Old and New London: Temple Bar

Temple Bar was rebuilt by Sir Christopher Wren, in 1670–72.

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Article · City of London · EC4Y · Contributed by The Underground Map
MARCH
26
2018
The old wooden Temple Bar
Credit: Walter Thornbury

Temple Bar was rebuilt by Sir Christopher Wren, in 1670–72.

Temple Bar was rebuilt by Sir Christopher Wren, in 1670–72, soon after the Great Fire had swept away eighty-nine London churches, four out of the seven City gates, 460 streets, and 13,200 houses, and had destroyed fifteen of the twenty-six wards, and laid waste 436 acres of buildings, from the Tower eastward to the Inner Temple westward.

The old black gateway, once the dreaded Golgotha of English traitors, separates, it should be remembered, the Strand from Fleet Street, the city from the shire, and the Freedom of the City of London from the Liberty of the City of Westminster. As Hatton (1708—Queen Anne) says,—”This gate opens not immediately into the City itself, but into the Liberty or Freedom thereof.” We need hardly say that nothing can be more erroneous than the ordinary London supposition that Temple Bar ever formed part of the City fortifications. Mr. Gilbert à Beckett, laughing at this tradition, once said in Punch: “Temple Bar has always seemed to me a weak point in the fortifications of London. Bless you, the besieging army would never stay to bombard it—they would dash through the barber’s.”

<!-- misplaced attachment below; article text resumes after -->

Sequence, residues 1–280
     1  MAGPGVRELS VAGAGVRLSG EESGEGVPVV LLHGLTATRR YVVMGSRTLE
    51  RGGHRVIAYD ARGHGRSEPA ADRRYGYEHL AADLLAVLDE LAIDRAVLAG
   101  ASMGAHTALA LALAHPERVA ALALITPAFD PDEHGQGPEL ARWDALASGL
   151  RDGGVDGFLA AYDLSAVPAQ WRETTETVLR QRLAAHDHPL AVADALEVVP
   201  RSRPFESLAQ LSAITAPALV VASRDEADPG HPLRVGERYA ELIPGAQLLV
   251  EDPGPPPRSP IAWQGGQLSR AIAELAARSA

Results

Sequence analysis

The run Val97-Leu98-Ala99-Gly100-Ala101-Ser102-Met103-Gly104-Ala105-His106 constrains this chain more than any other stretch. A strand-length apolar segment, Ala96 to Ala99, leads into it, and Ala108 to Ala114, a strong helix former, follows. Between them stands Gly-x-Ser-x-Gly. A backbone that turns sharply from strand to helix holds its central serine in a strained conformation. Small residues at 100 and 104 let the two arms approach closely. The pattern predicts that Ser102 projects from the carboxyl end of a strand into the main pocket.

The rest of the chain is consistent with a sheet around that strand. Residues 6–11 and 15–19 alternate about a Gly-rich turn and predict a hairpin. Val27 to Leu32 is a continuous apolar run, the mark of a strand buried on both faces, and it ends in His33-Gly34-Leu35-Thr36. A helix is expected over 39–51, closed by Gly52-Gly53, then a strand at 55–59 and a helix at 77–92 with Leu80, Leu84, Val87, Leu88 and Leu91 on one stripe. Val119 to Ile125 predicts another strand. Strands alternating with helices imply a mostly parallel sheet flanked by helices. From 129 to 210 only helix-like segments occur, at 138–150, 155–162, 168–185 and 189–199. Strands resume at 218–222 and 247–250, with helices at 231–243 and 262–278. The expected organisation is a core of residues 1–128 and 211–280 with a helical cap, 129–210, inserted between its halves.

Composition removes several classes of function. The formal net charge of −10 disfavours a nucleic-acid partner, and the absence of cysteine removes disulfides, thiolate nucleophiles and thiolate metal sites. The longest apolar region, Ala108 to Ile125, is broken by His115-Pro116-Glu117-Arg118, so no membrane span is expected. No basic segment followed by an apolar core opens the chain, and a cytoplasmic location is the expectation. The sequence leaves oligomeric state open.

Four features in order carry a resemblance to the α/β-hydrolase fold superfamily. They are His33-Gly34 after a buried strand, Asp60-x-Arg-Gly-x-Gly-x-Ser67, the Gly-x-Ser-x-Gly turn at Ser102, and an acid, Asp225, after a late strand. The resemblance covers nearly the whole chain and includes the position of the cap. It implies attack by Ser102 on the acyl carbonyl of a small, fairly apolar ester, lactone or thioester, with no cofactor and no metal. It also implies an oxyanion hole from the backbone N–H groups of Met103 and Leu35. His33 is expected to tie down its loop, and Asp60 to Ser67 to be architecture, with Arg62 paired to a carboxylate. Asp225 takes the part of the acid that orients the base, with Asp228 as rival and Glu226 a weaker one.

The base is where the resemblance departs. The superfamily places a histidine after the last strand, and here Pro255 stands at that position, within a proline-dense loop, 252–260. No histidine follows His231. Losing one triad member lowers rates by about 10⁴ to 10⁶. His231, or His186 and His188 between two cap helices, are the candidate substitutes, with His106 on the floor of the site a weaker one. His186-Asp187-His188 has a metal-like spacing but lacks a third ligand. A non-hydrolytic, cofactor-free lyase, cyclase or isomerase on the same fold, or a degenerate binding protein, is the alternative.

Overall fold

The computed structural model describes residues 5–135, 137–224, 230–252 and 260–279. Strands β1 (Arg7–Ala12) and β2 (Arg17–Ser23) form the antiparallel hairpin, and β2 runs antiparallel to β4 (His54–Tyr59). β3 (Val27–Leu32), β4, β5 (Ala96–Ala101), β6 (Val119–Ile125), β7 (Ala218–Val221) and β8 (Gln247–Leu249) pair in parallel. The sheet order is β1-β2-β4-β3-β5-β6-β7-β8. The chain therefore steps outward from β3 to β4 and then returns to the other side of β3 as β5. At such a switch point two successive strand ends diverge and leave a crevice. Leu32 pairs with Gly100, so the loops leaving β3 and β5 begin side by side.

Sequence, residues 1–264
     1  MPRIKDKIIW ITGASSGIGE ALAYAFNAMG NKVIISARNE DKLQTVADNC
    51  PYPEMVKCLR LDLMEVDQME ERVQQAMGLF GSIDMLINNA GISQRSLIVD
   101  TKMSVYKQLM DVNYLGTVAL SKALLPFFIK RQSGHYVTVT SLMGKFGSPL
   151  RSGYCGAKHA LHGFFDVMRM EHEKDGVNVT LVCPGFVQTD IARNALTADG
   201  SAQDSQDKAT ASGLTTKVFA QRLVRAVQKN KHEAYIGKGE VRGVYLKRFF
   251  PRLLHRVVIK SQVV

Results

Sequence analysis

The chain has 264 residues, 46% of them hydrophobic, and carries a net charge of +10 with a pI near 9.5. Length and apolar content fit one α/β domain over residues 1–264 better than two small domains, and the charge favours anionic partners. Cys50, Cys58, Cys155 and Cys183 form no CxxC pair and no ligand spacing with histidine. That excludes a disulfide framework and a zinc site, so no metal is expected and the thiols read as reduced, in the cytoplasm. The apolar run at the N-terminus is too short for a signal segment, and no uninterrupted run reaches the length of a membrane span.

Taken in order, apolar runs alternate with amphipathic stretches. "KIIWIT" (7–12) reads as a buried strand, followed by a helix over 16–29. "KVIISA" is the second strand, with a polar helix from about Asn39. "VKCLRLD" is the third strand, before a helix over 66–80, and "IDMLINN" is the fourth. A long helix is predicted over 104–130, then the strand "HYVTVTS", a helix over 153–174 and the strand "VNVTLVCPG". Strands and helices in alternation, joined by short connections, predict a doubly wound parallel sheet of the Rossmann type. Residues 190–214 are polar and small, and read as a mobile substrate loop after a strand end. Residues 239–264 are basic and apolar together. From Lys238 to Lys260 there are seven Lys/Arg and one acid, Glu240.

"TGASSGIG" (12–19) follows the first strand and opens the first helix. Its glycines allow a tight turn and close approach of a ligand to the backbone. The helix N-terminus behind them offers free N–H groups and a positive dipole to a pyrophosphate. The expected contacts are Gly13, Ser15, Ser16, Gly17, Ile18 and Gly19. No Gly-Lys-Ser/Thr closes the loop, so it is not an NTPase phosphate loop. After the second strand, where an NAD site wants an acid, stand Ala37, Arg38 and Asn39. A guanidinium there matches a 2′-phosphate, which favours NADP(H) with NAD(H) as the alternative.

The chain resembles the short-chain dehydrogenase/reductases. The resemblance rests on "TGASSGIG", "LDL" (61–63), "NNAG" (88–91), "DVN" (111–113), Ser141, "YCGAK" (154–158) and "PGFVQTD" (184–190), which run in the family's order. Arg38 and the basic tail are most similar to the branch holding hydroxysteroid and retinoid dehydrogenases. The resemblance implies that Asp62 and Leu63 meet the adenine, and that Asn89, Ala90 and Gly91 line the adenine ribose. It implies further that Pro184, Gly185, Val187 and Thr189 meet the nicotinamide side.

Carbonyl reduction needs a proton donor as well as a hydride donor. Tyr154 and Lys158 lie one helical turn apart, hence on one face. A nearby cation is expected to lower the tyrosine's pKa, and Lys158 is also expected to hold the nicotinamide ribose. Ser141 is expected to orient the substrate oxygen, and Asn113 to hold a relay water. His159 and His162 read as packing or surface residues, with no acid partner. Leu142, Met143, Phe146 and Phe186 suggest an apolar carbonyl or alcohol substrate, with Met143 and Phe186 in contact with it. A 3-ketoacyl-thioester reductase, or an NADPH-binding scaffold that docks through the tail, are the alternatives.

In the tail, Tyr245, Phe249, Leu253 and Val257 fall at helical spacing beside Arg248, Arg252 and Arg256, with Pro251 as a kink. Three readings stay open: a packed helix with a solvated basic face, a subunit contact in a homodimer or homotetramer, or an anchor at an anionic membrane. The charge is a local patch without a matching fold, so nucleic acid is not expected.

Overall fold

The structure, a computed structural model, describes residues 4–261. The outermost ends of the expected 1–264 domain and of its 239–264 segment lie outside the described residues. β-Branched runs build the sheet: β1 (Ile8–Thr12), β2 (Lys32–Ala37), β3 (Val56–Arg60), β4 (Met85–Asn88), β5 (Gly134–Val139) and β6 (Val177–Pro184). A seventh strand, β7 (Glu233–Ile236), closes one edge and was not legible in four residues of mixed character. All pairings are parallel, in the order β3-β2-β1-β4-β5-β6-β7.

The Great Fire never reached nearer Temple Bar than the Inner Temple, on the south side of Fleet Steet, and St. Dunstan’s Church, on the north.

The Bar is of Portland stone, which London smoke alternately blackens and calcines; and each façade has four Corinthian pilasters, an entablature, and an arched pediment. On the west (Strand) side, in two niches, stand, as eternal sentries, Charles I. and Charles II., in Roman costume. Charles I. has long ago lost his bâton, as he once deliberately lost his head. Over the keystone of the central arch there used to be the royal arms. On the east side are James I. and Elizabeth (by many able writers supposed to be Anne of Denmark, James I.’s queen). She is pointing her white finger at Child’s; while he, looking down on the passing cabs, seems to say, “I am nearly tired of standing; suppose we go to Whitehall, and sit down a bit?”

The slab over the eastern side of the arch bears the following inscription, now all but smoothed down by time:—

“Erected in the year 1670, Sir Samuel Starling, Mayor; continued in the year 1671, Sir Richard Ford, Lord Mayor; and finished in the year, 1672, Sir George Waterman, Lord Mayor.”

All these persons were friends of Pepys.